The tale of the siege in the novel is, by and large, accurate, though I did take one great liberty, which was to sink a mineshaft opposite the Leure Gate. There was no such shaft, the ground would not allow it, and all the real mines were dug by the Duke of Clarence’s forces that were assailing the eastern side of Harfleur. The French counter-mines defeated those diggings, but I wanted to give a flavor, however inadequately, of the horrors men faced in fighting beneath the earth. The defense of Harfleur was magnificent, for which much of the praise must go to Raoul de Gaucourt, one of the garrison’s leaders. His defiance, and the long days of the siege, gave the French a chance to raise a much larger army than any they might have fielded against Henry if the siege had ended, say, in early September.
Maps of the Battlefield (Click to Enlarge)
|England and France, 1415:|
One of the most dramatic victories in British history, the battle of Agincourt--immortalized by Shakespeare in Henry V--pitted undermanned and overwhelmed English forces against a French army determined to keep their crown out of Henry's hands.
|The French Coast: |
The British campaign, which started at Harfleur, ended more than two months later on 25 October at Agincourt.
Henry's army landed in northern France on 13 August 1415 and besieged the port of Harfleur.
|The Battle Lines:|
“We few, we happy few, we band of brothers; For he today who sheds his blood with me shall be my brother.” – William Shakespeare, Henry V
--This text refers to the Paperback edition.
From Publishers Weekly
A literary veteran of the Napoleonic Wars and the U.S. Civil War, Cornwell returns to the Hundred Years War era in this action-packed if slightly melodramatic epic about King Henry V and the Battle of Agincourt in 1415. Nicholas Hook, an English forester, is on the run after interfering with a rapist priest and ends up a mercenary defender at Soissons, where he saves a young and beautiful novitiate, Melisande. With his French prize in tow, he returns to England and signs on with Henry's army as an archer. Back on French soil, he fights and slogs his way to Agincourt, where 6,000 Englishmen confront 30,000 French soldiers. Hearing the voice of St. Crispinian whispering to him in times of personal crisis, Hook has his hands full with the French and defending himself from the vengeance-seeking rapist priest and Melisande's father. The crisply rendered battle scenes are adrenaline rushes of blood, thunder and clashing swords that transport the reader back to the early 15th century. Unfortunately, Hook's Hollywood-ready construction undercuts the you are there feeling of Cornwell's otherwise vivid recreation of Henry V's greatest military triumph. (Jan.)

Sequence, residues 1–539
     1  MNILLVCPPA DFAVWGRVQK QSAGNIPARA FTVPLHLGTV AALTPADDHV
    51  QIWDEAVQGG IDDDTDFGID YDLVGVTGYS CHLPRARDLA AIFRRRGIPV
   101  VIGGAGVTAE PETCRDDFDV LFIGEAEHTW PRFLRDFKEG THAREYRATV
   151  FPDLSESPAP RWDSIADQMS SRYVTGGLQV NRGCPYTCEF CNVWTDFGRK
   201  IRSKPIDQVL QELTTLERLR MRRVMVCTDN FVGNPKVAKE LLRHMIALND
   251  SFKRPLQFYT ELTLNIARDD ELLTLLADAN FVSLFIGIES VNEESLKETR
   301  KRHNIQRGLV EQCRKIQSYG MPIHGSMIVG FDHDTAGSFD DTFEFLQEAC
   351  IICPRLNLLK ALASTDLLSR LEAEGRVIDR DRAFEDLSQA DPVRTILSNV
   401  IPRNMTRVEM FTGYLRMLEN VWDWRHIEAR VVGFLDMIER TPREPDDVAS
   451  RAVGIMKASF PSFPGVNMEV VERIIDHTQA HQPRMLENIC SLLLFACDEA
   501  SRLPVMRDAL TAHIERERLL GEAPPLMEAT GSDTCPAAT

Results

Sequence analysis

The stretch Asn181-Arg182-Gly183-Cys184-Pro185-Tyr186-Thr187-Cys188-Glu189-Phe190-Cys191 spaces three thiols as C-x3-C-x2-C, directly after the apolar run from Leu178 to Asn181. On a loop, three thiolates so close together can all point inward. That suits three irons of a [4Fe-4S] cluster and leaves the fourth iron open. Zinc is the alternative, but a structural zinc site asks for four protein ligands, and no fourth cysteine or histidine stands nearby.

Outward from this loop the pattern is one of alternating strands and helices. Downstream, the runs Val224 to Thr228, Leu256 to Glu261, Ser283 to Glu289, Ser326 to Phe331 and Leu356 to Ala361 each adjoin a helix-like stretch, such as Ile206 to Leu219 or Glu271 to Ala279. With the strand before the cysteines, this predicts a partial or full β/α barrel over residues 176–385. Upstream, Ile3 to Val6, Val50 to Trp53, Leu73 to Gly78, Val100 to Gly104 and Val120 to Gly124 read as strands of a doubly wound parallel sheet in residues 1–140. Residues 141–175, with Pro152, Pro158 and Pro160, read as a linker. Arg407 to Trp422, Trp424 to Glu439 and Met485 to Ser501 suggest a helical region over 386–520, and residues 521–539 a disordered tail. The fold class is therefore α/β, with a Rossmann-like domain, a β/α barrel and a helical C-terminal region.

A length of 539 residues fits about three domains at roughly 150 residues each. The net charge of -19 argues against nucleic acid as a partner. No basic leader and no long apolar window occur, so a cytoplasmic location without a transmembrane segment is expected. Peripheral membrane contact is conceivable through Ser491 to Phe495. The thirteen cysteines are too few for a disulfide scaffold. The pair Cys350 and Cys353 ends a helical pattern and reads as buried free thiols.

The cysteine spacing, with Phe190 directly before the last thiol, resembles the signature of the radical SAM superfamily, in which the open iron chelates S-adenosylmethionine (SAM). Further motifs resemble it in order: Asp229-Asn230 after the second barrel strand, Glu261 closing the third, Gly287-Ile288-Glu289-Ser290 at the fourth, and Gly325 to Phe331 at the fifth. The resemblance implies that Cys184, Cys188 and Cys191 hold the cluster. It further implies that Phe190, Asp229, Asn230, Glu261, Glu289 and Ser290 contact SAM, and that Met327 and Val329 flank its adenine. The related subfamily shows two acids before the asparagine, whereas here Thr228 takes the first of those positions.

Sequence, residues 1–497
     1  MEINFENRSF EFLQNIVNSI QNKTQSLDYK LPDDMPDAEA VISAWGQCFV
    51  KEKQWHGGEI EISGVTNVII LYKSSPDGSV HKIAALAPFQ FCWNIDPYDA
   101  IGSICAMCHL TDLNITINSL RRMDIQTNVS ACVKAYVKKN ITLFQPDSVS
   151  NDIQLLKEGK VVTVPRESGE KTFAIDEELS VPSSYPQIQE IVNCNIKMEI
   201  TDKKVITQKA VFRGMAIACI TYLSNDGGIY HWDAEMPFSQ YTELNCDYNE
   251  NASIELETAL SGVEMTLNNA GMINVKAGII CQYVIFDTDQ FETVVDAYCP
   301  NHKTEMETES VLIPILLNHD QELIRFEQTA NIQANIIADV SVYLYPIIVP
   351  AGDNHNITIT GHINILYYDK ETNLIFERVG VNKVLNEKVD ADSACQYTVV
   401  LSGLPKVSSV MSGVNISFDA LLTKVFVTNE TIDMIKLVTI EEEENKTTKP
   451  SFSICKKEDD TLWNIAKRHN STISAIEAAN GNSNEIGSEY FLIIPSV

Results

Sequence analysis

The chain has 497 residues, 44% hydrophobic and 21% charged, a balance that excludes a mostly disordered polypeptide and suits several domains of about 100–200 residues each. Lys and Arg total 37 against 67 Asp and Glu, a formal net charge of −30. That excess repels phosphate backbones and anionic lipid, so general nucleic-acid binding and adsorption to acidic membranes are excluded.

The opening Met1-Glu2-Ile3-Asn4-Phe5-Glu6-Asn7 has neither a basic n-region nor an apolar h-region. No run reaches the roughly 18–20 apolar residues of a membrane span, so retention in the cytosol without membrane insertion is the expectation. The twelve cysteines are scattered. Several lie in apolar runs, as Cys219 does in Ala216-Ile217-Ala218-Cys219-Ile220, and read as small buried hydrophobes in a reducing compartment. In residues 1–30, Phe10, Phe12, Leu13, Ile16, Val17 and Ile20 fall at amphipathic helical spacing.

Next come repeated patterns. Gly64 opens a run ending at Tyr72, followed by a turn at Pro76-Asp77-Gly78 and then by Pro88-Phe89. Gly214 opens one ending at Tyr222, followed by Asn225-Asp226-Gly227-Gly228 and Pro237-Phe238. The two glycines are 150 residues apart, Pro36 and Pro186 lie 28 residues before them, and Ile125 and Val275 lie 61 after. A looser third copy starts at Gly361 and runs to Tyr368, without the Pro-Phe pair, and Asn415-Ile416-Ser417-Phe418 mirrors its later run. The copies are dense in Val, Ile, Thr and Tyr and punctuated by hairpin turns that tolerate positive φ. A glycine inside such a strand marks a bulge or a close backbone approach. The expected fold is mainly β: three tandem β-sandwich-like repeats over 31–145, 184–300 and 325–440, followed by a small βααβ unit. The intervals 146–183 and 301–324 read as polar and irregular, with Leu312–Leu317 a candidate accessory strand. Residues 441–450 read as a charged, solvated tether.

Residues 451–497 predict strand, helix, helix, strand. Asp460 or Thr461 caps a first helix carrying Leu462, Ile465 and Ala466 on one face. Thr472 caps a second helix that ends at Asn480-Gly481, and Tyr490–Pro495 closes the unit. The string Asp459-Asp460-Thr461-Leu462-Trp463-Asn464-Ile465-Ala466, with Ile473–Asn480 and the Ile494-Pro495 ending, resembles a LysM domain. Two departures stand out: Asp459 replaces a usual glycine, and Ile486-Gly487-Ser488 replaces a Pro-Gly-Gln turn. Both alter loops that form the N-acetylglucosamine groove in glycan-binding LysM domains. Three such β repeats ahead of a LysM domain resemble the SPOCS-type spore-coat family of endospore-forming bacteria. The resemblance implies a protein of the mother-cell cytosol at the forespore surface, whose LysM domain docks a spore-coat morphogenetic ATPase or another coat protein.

Copyright © Reed Business Information, a division of Reed Elsevier Inc. All rights reserved. --This text refers to the Paperback edition.
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Of course, the writing is biased. We are encouraged to believe the English are in the right and everything works out in the end.
The book gives us a number of memorable characters. First Nick and Melisande. They begin as fellow escapees of the massacre at Soissons, and later wed. Then, the other characters such as Melisande's father, the Sire de Lanferelle (and a fierce fighter in battle who looks forward to dispatching Nick in battle while still wishing him well), the equally fierce Sir John Corneweille (leader of the English forces of which Hook was part), Henry V, Hook's brother Michael, Nick's sworn enemies from back home, and so on. The characters are decently drawn and their interactions move the novel along.
The difficult marches, the dysentery laying waste to many of the English during their siege, the terrifying battle at Agincourt where the English forces were outnumbered greatly (historians still debate how much outnumbered they were) and the French forces faced an almost impossible tactical situation. The military part of the novel works well by giving the reader a "soldier's eye view" of matters.
There is a bleak vision expressed throughout many parts of the book but it ends on a bright note. . . . The growing romance of Melisande and Nick adds a human element to the savagery that emerges in various parts of the book. The ending allows Nick to make up to some extent for a failure in protecting a human life at the outset of the volume, so there is a positive ending. . . . The book is pretty well written, too